Many of these sites hid the fact that by buying a product, you weren’t actually buying a single product. In fact, you were enrolling in a membership site that would rebill you on a regular basis. There has been much written in traditional media about these sites where you had fourteen days to cancel, but the product arrived 21 days later, and because it was past the cancelation date you would be rebilled again. If you tried to cancel on one of these sites, you were often lost in a maze of forms, redirected phone calls, and chargeback requests.

Regardless of the roots of the rebilling nightmare, Google keeps a close eye on sites that do engage in rebilling. Rebilling is not inherently bad or good in Google’s eyes. Google looks at the disclaimers and notifications on the website to make sure the consumer knows they will be rebilled.

If your site calls out the fact it is a recurring charge and is easy to spot, then you will most likely be OK. If your site hides the rebilling facts in the TOS or elsewhere on the page, then you may be endanger of losing your account. If you engage in rebilling, your best defense is to make it clear to the consumer that this is not a one time charge, but in fact they will be billed on an ongoing basis.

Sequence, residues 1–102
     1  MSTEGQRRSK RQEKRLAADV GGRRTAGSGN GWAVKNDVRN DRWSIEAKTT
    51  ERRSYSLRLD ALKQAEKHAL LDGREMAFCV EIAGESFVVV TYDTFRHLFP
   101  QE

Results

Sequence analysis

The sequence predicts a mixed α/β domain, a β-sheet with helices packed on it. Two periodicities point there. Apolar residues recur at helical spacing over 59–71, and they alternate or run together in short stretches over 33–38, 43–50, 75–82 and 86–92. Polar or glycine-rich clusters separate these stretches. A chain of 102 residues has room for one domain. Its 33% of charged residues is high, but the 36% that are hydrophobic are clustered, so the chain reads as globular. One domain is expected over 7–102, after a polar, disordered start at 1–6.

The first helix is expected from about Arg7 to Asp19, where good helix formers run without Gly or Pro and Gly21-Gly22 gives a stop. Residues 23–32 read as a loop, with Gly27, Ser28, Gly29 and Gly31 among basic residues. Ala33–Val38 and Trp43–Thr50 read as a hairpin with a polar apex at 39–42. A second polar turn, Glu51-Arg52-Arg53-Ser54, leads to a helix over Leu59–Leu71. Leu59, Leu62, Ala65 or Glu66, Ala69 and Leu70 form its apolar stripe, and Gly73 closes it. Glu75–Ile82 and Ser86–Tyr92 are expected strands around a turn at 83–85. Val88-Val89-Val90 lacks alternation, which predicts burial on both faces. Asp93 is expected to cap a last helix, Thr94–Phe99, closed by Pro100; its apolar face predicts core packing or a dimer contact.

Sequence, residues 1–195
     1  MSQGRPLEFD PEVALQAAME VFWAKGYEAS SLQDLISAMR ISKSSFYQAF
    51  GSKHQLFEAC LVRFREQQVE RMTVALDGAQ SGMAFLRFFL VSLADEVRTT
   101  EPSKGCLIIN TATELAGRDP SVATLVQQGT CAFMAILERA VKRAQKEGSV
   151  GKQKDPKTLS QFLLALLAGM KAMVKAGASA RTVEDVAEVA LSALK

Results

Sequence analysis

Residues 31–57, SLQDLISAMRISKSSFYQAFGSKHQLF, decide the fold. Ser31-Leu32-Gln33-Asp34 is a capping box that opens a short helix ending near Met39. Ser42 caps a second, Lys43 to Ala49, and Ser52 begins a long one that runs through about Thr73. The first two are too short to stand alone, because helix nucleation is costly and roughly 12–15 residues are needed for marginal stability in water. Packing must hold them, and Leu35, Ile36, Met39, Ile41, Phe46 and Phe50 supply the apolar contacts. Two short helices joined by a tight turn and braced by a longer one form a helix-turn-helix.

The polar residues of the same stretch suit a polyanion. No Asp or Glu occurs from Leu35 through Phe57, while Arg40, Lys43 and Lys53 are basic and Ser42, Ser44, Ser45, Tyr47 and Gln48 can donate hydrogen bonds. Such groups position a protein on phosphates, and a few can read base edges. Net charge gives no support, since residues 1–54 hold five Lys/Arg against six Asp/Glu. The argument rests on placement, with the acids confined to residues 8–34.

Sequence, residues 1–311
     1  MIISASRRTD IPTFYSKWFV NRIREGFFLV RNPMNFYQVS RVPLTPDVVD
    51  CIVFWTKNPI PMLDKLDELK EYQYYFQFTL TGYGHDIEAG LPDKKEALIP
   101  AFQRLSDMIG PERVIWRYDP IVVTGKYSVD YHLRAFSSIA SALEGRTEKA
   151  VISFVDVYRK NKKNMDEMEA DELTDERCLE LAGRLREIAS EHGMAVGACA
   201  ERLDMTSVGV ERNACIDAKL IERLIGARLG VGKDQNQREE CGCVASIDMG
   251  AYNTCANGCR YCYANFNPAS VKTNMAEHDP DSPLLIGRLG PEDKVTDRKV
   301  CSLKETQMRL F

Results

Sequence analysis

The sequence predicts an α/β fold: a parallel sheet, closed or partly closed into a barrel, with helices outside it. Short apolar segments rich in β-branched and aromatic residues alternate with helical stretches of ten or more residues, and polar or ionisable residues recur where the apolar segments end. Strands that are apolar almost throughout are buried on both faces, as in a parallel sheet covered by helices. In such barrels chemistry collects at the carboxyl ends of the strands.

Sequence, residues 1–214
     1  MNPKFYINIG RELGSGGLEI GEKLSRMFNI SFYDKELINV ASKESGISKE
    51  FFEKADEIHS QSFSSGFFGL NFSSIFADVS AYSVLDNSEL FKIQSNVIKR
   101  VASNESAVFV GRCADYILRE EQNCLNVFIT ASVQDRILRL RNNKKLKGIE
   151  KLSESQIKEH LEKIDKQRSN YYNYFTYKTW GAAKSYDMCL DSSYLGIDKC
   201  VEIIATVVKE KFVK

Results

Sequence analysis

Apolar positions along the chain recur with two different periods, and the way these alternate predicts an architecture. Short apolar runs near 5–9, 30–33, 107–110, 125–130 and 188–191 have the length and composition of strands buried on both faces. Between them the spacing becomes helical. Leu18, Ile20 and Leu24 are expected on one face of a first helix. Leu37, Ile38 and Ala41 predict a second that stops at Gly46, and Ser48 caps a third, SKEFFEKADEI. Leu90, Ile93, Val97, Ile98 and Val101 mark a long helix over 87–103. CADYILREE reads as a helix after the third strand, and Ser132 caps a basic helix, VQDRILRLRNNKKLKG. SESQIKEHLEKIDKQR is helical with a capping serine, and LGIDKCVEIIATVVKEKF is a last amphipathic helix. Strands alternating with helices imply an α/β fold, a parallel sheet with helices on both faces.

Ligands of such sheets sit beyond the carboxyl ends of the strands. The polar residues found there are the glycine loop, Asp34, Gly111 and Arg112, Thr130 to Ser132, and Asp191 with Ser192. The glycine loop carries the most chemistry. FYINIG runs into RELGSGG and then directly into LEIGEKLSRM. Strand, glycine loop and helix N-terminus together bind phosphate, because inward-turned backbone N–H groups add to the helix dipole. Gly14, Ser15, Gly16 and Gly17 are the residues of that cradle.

Free Offers That Aren’t Really Free

This is a large category that covers several different types of products.

The most common products in this arena are free downloads that have extremely limited functionality. You may see a free offer to download software that will speed up your computer. You download the software, run it,  and the software informs you that you have 1893 problems that can be fixed. However, you need to purchase the software to find out what the problems are. This is an example of limited software functionality.

In this case, it is also about disclosure to the consumer. If you call out the fact that the software will show you the top 20 problems, or will only give you a free diagnosis, then you are often OK in Google’s eyes. This disclosure cannot be hidden in a footer or TOS. It must be clear to the consumer that the product only provides a limited amount of functionality and that they have to purchase the product to unlock its full power.

Another category of free offers are ones where you land on a page and must fill out twenty offers to receive your free iPad. This was a scourge among ads a few years ago and Google has cleaned up most of them. If your ad offers something for free, it must be easy for the consumer to attain. Filling out a single contact or lead generation form to receive the free whitepaper is acceptable. Filling out twenty offers, or sending an offer to twenty friends who must then click on the link and fill out a form before the consumer receives their free product is not OK.